Ethan Ahuero was having a good year: he was in his first season dancing with Kansas City Ballet II and had been presented with the opportunity to choreograph on the second company. "The day before we shut down I had a rehearsal, and I was so happy," Ahuero says. "The piece was coming together and this was the first time I felt really proud of my creative process."
Suddenly, the coronavirus pandemic brought everything to a halt. With the company's season cut short and the studios closed, Ahuero found himself attempting to continue dancing from home, with his choreography project put on hold. Like many other dancers around the world, Ahuero is dealing with disappointment while struggling to stay motivated.
Keeping up with daily ballet classes may feel difficult right now; inspiration can seem hard to come by when you're following along on Zoom and short on space at home. Below are a few simple tips for finding new ways to stay motivated.
Spruce Up Your Dance Space
It can be frustrating to train at home when the space doesn't feel like a studio. But changing the room up a little can help. Dancers are coming up with creative solutions: setting up mirrors for self-correction, laying down a square of Marley flooring, even building barres from PVC piping. Creating a makeshift "studio space" can make it easier to get your head into the zone.
Make a To-Do List
Try creating a list of what you want to achieve each week to help you stay on track. Dancers tend to be creatures of habit, so following a schedule can provide normalcy during a very unusual time. If creating a weekly schedule feels overwhelming, make a daily one instead. It's fine to take things a day at a time!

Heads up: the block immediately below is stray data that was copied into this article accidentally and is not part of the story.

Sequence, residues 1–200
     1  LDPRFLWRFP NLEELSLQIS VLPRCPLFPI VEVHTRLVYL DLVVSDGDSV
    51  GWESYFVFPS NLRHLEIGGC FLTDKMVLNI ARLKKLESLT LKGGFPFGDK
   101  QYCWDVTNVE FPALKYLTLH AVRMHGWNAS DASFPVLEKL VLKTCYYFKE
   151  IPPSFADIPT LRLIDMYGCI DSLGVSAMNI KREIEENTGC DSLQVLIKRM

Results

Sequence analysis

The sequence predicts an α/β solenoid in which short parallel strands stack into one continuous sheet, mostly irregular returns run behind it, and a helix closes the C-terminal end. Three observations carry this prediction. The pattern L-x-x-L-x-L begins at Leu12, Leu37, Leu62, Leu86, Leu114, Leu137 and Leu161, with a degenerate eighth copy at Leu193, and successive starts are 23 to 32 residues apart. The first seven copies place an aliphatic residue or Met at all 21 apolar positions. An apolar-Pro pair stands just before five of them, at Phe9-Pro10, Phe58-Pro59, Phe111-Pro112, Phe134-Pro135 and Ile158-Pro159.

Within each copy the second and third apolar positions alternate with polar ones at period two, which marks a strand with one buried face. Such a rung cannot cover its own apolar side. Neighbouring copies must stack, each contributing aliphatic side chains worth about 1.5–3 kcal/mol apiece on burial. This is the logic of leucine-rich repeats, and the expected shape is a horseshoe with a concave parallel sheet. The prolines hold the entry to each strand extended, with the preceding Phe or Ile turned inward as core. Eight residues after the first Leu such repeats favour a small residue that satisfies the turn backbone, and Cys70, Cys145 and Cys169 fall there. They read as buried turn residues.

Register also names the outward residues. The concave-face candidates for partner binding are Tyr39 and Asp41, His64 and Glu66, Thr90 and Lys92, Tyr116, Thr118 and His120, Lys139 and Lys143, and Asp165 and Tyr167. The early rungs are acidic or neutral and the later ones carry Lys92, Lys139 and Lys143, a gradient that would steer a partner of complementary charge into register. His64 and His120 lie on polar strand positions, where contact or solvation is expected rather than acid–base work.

"After feeling a bit lost and unmotivated, I decided to start making daily checklists of things to do so that I had some kind of set schedule each day," says Anamarie McGinn, a company dancer with Orlando Ballet. "Even listing simple things like giving myself class, going for a walk or recording a live workout video for social media keeps me feeling motivated and helps pass the time."
Try the Buddy System
It's easier to stick to a schedule when you're not alone in your efforts. "Dancers have talked to me about not wanting to do class and feeling unmotivated," says Renee Aguilera, ballet mistress at Roanoke Ballet Theatre. "I recommend finding a 'dance friend' to act as an accountability partner that you can do class with," she says. Reach out to a colleague or fellow student (or even a friend you made at a summer intensive) and agree to take a few classes together virtually. Having someone you trust and admire to keep you accountable can help you maintain class attendance and will likely strengthen your friendship, as well.
Zoning in on small goals can give you a sense of purpose. Without rehearsals or choreography projects to factor for, you have extra time to focus on specific weaknesses or details in your technique. Perhaps now is the time to concentrate on that lifted hip correction, or address the positioning and detail of your arms and fingers. Ahuero has begun cross-training and working on building muscle. Returning to the basics is so essential, yet frequently overlooked. When you go back to the studio you will be a more well-rounded dancer—and your teachers will be thrilled, as well!
Take the time to acknowledge that you cannot dance in the way you're used to. Artists are shaped by their experiences, and the trials of this challenging period may even help you grow as a performer. Resilience is a wonderful (and necessary) skill for dancers to have. "Every hard situation brings something positive with it," says McGinn. "For now I take one day at a time, knowing that when we all return to the stage it is going to be magic."